The U.S. Food and Drug Administration (FDA) has approved remdesivir (Veklury) for the treatment of COVID-19 infection, Gilead Sciences said Thursday.

Headquartered in Foster City, California, Gilead is the manufacturer of remdesivir, the antiviral drug that was initially developed for Ebola treatment. However, the drug has been found effective at treating COVID-19.

Veklury is the first FDA-approved drug for COVID-19 infection. Remdesivir has been under FDA’s emergency use authorization since May.

In a statement, Gilead said, “In the United States, Veklury is indicated for adults and pediatric patients (12 years of age and older and weighing at least 40 kg) for the treatment of COVID-19 requiring hospitalization.”

“Veklury should only be administered in a hospital or in a healthcare setting capable of providing acute care comparable to inpatient hospital care,” the company added.

Earlier this month, a global study funded by the World Health Organization (WHO) found remdesivir ineffective at helping patients to survive or even recover faster. However, a US study found that the drug shortened recovery time for some hospitalized COVID-19 patients.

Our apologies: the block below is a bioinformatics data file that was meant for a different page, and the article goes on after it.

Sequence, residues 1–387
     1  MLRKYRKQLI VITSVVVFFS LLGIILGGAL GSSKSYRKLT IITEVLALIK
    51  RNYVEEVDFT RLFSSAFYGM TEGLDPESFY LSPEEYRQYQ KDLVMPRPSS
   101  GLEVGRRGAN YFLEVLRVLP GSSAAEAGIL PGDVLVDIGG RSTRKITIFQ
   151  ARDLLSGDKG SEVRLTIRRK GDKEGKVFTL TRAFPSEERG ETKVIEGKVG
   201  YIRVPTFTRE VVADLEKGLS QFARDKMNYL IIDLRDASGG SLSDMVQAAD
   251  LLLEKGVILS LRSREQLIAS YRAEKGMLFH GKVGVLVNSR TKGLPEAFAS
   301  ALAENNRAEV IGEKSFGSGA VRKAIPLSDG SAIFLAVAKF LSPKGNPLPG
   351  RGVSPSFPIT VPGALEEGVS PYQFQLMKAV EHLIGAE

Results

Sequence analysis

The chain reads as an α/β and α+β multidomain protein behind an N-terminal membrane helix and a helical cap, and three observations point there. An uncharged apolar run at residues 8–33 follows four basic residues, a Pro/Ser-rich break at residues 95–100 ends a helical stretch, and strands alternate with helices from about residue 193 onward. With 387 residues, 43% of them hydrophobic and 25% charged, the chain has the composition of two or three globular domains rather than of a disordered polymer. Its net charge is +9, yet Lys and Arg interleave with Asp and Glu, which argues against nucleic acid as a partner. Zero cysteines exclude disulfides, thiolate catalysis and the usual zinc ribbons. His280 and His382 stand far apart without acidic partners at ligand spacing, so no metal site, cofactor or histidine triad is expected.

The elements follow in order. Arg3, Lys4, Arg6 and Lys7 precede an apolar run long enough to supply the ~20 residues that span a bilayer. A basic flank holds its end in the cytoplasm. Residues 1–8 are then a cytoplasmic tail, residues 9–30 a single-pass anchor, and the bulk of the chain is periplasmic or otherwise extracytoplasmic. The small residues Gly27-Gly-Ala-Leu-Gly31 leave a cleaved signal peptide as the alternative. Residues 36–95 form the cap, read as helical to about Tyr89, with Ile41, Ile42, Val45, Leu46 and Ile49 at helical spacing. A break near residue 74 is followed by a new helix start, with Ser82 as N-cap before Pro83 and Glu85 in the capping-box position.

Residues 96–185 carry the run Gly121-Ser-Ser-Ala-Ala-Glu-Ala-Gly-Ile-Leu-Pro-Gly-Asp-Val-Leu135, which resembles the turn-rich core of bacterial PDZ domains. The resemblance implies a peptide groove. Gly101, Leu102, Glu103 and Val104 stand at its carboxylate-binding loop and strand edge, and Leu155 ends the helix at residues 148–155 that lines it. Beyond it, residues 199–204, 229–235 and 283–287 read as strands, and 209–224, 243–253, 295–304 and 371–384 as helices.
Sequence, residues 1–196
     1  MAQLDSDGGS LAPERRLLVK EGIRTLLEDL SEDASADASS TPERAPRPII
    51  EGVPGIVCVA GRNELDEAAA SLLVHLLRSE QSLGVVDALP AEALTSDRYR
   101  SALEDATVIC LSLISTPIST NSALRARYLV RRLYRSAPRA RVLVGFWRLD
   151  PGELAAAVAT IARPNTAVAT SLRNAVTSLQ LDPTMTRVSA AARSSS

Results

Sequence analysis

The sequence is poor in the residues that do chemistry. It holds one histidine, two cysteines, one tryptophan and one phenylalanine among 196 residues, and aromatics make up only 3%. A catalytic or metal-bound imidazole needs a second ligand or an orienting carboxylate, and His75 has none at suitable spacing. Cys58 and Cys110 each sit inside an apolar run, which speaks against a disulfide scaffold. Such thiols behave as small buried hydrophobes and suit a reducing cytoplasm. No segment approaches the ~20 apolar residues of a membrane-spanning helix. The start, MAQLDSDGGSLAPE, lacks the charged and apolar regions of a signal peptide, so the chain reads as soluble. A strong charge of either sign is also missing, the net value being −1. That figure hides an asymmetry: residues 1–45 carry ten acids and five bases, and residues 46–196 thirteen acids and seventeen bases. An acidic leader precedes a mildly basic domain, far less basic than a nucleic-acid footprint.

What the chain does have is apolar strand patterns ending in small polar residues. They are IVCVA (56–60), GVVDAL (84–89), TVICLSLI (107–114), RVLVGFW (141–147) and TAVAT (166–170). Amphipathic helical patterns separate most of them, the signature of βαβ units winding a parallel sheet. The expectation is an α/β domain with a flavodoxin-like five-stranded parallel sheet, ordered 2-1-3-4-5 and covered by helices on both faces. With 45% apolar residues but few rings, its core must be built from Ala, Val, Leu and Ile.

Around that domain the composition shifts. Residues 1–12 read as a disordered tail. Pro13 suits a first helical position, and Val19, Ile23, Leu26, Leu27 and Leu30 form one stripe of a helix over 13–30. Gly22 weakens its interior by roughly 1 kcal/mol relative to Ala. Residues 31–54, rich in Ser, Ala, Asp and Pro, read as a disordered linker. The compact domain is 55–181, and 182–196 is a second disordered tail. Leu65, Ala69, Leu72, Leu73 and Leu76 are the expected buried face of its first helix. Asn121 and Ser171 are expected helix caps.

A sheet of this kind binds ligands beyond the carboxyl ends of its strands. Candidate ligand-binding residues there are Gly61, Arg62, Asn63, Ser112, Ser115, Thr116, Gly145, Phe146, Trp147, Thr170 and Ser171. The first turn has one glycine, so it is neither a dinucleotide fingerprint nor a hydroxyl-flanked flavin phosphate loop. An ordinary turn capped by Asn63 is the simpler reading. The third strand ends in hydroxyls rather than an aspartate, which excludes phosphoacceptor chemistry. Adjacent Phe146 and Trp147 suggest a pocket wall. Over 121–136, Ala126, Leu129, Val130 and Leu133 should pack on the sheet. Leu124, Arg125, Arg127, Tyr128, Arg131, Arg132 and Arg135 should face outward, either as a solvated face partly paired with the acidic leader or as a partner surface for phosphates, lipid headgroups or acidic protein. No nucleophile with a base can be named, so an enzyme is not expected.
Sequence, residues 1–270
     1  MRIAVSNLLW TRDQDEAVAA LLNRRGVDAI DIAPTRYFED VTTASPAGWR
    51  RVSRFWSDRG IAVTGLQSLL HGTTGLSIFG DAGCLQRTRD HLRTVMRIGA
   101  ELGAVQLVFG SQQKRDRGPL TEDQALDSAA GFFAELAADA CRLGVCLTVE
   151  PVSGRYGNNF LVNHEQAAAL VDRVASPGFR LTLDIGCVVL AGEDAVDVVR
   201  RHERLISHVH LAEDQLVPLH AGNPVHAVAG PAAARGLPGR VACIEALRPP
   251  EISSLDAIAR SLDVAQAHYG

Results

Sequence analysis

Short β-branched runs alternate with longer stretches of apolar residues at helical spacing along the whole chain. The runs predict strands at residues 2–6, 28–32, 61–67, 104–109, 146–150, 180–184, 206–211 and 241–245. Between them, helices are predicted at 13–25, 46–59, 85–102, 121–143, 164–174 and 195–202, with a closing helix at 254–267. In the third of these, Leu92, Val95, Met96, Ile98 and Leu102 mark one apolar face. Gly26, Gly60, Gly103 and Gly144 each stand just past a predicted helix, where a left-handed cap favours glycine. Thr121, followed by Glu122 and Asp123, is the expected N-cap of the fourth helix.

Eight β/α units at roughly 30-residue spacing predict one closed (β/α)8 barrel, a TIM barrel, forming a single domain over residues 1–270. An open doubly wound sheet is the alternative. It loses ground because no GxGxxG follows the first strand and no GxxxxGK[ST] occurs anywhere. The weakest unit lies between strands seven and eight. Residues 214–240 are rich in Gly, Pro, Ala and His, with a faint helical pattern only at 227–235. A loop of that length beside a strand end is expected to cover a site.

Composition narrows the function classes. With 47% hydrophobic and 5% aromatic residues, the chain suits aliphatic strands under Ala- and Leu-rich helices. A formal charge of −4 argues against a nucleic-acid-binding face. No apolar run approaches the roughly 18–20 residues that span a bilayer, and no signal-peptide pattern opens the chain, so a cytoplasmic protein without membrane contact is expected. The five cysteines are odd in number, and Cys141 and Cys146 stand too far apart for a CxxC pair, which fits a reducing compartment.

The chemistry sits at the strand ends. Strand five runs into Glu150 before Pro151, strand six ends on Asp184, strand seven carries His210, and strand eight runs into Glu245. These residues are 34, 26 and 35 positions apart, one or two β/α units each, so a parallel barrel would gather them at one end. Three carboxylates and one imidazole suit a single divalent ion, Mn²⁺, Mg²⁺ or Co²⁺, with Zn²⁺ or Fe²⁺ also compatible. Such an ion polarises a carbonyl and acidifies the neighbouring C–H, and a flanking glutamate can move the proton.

Gilead submitted a study published in the New England Journal of Medicine (NEJM) to the FDA, which showed remdesivir effective at shortening the course of illness from 15 days to about 11 days in hospitalized COVID-19 patients.

The FDA also took two other studies into consideration, with one showing a slight benefit on using remdesivir and another showing the drug did not make much difference.

Dr. Rick Bright, former head of the Biomedical Advanced Research and Development Authority (BARDA), said he was personally not impressed by remdesivir.

“It’s important to note that even the data that we saw in the United States from that drug show that the benefit was modest,” Dr. Bright told CNN. “It wasn’t a home run. It wasn’t a remarkable improvement in terms of mortality, or even the lengthening or shortening of the length of hospital stay, but it did show some marginal benefit.”

FDA Commissioner Dr. Stephen Hahn said in a statement, “Today’s approval is supported by data from multiple clinical trials that the agency has rigorously assessed and represents an important scientific milestone in the COVID-19 pandemic.” “As part of the FDA’s Coronavirus Treatment Acceleration Program,” he added, “the agency will continue to help move new medical products to patients as soon as possible, while at the same time determining whether they are effective and if their benefits outweigh their risks.”